I have a confession to make! This is going to be hard for a preacher to admit. I always liked Halloween. No, I’m not kidding — I like Halloween! I like the candy, scary costumes, more candy, horror movies, jumping out of the bushes screaming, “Boo!” Hmmm, did I mention the candy?


My old elementary school held Halloween carnivals with costume judging, cake walks, bobbing for apples and other games. Inevitably, a few of us would bring water balloons and bomb the crowd until we ran out of ammunition or collared by a teacher. Halloween brings out the trickster. After all, when else can you knock on a stranger’s door, scream “trick or treat” in your scariest voice and receive free candy? Halloween is a great day to be a mischievous kid!


But there is another side to Halloween that is not so innocent.


After becoming a preacher, I learned of the dangers surrounding Halloween. “If you allow your children to participate in Halloween (Trick or Treating, costume parties, etc.) you are allowing them to play on ‘the devil’s turf,’ and Satan will definitely press his home court advantage.” wrote William Schnoebelen. Stories abound of witches and devil worshippers meeting throughout the night and many of these stories are all too real.


Which view is right? Is Halloween innocent fun and candy or a thinly disguised satanic temptation?


The custom known as Halloween began with the ancient Celtic tribes who lived in the British Isles. November 1 was a day of honoring the dead and celebrating the New Year. So, Christians combined the ancient practices and came up with “All Saints Day,” a sacred Christian holiday to honor Saints of the church who died the previous year.  The night before All Saints Day became known as All Hallow’s Even or “holy evening,” later shortened to Halloween.


Halloween was originally a blend of pagan and Christian rituals designed to help us remember and honor those who died.


So, which view is right? If we call ourselves Christians, how should we respond to Halloween?


Paul says to the Corinthians, “I try to find common ground with everyone so that I might bring them to Christ.” (9:22) Paul urges us to find a common ground before sharing our faith. Could Halloween be one of those opportunities?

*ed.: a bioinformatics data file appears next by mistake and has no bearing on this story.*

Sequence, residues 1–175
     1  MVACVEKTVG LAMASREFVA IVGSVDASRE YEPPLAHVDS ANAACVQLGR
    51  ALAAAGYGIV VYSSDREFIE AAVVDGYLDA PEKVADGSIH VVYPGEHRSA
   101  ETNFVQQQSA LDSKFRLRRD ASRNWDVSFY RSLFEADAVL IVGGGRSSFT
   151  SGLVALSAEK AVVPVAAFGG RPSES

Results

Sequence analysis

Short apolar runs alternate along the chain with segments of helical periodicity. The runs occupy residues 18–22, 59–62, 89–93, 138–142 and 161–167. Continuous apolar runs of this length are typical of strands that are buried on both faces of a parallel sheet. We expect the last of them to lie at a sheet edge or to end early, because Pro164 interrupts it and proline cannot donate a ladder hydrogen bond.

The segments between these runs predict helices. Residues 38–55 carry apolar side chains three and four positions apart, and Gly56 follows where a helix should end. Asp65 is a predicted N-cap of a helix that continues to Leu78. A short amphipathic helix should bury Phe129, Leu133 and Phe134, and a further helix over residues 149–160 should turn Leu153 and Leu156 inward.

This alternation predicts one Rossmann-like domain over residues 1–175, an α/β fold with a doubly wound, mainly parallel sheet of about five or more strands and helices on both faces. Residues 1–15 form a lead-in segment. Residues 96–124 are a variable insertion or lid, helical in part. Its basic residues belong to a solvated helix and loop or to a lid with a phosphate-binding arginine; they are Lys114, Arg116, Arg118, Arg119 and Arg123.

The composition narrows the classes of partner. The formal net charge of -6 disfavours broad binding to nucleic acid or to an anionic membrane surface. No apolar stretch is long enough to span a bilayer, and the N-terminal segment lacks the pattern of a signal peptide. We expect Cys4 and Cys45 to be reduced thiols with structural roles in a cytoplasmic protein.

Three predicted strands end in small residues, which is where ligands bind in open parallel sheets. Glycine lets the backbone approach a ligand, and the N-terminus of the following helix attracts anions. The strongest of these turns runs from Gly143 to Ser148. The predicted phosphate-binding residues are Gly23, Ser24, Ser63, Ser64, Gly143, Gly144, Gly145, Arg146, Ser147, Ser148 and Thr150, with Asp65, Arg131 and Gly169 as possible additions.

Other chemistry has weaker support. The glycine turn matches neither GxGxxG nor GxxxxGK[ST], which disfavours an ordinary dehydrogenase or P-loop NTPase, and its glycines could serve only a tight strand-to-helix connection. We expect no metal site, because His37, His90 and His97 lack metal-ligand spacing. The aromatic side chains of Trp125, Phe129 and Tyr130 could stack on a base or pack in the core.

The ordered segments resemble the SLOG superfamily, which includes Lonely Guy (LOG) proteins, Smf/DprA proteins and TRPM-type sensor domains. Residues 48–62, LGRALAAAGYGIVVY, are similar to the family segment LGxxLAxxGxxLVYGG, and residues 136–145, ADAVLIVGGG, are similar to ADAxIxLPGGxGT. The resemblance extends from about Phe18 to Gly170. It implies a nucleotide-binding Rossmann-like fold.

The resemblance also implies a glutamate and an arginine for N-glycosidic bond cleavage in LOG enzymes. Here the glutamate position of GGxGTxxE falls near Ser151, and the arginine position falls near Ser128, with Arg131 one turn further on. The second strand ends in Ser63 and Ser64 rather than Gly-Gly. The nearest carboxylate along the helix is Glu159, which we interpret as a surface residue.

Could we participate in Halloween activities with caution and also honor those who passed away?


Many churches offer alternative Halloween celebrations that allow children and adults to have fun within a safe environment. In addition, people who seldom venture inside a church are provided opportunities to experience Christians in action.


Here is another way to think about Halloween?


After someone was baptized, a co-worker asked what it was like to be a Christian. Caught off guard the new Christian didn’t know how to answer but she saw a jack-o’-lantern on her desk and answered: “It’s like being a pumpkin.”


“What do you mean by that?” the other worker asked.


“Well, God picks you from the patch and brings you in and washes off all the dirt on the outside that you got from being around all the other pumpkins. Then he cuts off the top and takes all the yucky stuff out from inside. He removes all the seeds of doubt, hate, greed, etc. Then he carves you a new smiling face and puts his light inside of you to shine for all to see. It is our choice to either stay outside and rot on the vine or come inside and be something new and bright.”


Halloween is a reminder that evil forces do exist and may occasionally have their day, or night so beware.


But the promise of God is as sure as the sun that is guaranteed to come out the next morning. He removes all the seeds of doubt, hate, greed, etc. Then he carves you a new smiling face and puts his light inside of you to shine for all to see.


All Saints Day belongs to God and the Saints of the church who will rise from their graves on their way toward the promise of heaven.


Now that I think about it, I may never look at a pumpkin or Halloween the same way again. But, I still like the candy.


Next week: What is your response to Halloween?


Then: Final Thoughts